Sending Rs to New England
On rec.food.preserving in Aug98.
Ed Rich wrote:
>> Magellan did his touring around 1520 or so. When he lost three out of four ships it must be remembered that one of the ships was loaded with Pizza spice which explains the reason that pizza did not appear on the scene for several more centuries. Another ship was loaded with saltpeter which explains the proliferation of people for the next several centuries. The third ship being loaded with caraway seeds delayed the development of Kummel until very recently.
: > Ref: Moosemeats Fractured History, Vol 1.
John Hobson (jhobson@) wrote:
> This is very close to my theory that a ship bound for Boston in 1742 loaded with Rs sank, and that is the reason that New Englanders speak without them. (I used to have a sweatshirt with the Harvard University seal on it and "Hahvahd" in large letters underneath.)
> Tom and Ray Malliazi (sp?) of National Public Radio's "Car Talk" have a campaign to send vowels to Bosnia -- I would suggest a similar effort be mounted to send Rs to New England. I have been collecting excess Rs here in the Midwestern US, where they are in abundance.
> Is there some kind person in the Northeastern US who would be prepared to accept these Rs for this worthy cause?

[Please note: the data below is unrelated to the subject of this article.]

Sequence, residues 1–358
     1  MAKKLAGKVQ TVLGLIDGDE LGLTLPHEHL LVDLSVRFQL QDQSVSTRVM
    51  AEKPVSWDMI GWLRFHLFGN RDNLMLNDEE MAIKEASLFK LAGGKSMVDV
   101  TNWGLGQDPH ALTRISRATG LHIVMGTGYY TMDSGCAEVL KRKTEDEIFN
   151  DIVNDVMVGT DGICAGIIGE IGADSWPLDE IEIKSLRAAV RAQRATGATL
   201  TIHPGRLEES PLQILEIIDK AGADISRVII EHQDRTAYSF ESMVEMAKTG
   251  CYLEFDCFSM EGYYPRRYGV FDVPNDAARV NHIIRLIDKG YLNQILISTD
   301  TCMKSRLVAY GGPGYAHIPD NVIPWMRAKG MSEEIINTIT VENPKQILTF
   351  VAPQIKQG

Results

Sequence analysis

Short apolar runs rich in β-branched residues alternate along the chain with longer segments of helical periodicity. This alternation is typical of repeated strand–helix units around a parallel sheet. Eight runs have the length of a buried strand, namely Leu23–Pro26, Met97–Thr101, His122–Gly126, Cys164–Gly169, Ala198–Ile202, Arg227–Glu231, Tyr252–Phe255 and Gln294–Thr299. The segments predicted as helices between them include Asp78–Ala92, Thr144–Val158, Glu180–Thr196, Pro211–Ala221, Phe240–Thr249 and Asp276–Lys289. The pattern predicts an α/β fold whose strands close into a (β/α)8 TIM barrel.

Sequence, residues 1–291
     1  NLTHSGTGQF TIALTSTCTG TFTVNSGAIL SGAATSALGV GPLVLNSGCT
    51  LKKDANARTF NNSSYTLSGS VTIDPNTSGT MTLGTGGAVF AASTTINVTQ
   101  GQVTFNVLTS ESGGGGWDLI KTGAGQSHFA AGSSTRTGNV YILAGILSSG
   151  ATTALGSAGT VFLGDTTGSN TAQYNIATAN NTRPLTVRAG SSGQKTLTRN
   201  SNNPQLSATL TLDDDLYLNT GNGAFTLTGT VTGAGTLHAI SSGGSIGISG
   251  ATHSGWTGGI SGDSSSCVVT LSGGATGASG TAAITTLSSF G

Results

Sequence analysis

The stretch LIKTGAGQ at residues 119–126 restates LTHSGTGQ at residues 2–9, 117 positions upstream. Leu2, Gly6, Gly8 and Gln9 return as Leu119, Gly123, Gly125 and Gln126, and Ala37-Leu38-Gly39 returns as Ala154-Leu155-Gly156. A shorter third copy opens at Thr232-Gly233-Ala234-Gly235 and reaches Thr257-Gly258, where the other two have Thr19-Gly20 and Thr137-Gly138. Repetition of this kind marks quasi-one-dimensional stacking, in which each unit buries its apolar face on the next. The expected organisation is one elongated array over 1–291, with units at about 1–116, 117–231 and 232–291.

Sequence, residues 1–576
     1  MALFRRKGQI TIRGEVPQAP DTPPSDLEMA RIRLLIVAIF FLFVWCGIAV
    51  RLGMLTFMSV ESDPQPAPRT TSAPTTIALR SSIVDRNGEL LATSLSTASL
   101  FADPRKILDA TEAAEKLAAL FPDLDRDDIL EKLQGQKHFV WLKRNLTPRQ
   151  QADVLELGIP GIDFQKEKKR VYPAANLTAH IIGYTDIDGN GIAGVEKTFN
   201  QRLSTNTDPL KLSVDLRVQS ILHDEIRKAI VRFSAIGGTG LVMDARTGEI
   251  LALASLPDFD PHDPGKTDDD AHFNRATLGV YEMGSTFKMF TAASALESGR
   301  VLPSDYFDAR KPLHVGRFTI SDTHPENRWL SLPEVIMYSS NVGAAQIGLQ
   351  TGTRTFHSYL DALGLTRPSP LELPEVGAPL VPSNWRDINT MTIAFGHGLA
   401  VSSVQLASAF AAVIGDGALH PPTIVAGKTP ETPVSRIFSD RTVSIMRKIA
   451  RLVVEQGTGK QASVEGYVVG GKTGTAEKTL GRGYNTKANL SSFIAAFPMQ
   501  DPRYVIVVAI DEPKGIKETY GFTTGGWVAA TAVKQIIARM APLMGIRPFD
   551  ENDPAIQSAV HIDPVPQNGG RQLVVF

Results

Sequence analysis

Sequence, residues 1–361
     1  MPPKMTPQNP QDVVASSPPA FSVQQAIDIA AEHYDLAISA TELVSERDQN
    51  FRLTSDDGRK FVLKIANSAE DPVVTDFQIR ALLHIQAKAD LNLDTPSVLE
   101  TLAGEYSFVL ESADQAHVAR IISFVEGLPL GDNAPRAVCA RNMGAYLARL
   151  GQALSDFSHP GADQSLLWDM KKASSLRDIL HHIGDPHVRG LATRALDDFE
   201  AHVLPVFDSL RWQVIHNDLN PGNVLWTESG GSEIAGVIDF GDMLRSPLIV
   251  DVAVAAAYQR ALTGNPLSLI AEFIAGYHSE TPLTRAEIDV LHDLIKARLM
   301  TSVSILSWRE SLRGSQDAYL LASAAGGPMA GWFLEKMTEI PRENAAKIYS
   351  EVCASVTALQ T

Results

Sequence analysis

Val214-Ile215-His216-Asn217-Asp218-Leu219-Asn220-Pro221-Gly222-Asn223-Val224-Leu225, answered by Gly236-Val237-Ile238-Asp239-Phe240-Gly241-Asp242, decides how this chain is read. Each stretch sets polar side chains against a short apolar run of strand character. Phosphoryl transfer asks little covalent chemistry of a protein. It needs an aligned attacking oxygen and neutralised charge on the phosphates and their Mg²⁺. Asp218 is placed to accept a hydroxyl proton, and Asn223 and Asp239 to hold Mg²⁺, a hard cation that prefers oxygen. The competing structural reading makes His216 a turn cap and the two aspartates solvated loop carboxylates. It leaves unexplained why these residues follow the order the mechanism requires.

From: gans@ (Paul J. Gans)
I suspect that the Boston situation has a local explanation, but there is no doubt about the great European Vowel Shift. At some point in time, certainly pre-modern, a linguistic cataclysm hit Europe. Vowels shifted westward, leaving horrible results in its wake.
Countries such as Spain and Italy ended up with such a surfeit that they had to tuck excess vowels at the end of most nouns. The English made do (as they always do), adding extra vowels here and there (such as tough, which doesn't need the 'u'). The French kept the pretense of having vowel-consonant parity, but as we all know, don't really pronounce many of the consonants anyway, especially the terminal ones.
Germany seems to have been the midpoint; the great vowel shift is known to scholars, but is not apparent to anyone else.
But in eastern Europe the results were devastating. A mere look at street signs in eastern countries causes the westerner pain. For example, the Czech (or is it now Bohemian) word for ice cream starts with an obscene number of contiguous consonants (five or seven, my memory has been traumatized by the experience.) And the Russians, in an inept attempt to cover up an almost vowel-less language, have resorted to a pseudo-alphabet unintelligible to westerners.
The Finns, of course, can be omitted from this as they speak no known language.